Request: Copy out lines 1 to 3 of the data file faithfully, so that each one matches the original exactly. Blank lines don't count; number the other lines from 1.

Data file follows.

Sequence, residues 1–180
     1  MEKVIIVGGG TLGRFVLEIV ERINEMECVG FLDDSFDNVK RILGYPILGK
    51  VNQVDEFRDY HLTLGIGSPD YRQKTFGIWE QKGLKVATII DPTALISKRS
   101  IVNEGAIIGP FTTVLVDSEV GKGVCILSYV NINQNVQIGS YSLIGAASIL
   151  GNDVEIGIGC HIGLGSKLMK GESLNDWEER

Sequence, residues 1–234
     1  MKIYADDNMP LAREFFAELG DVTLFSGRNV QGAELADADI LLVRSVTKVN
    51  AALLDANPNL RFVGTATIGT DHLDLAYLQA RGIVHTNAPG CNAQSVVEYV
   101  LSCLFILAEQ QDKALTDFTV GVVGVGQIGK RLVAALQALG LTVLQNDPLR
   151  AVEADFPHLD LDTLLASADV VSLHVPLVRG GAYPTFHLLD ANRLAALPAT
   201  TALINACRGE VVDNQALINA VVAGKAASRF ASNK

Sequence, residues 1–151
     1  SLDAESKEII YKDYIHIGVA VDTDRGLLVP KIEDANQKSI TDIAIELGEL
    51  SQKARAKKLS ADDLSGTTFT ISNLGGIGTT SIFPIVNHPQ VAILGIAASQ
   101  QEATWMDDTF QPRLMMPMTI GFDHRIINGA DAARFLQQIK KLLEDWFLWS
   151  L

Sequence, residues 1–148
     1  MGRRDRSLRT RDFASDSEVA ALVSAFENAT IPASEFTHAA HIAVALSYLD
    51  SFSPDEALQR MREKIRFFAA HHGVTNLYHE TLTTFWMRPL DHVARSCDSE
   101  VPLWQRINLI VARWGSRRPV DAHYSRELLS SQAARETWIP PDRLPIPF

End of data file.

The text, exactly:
Sequence, residues 1–180
     1  MEKVIIVGGG TLGRFVLEIV ERINEMECVG FLDDSFDNVK RILGYPILGK
    51  VNQVDEFRDY HLTLGIGSPD YRQKTFGIWE QKGLKVATII DPTALISKRS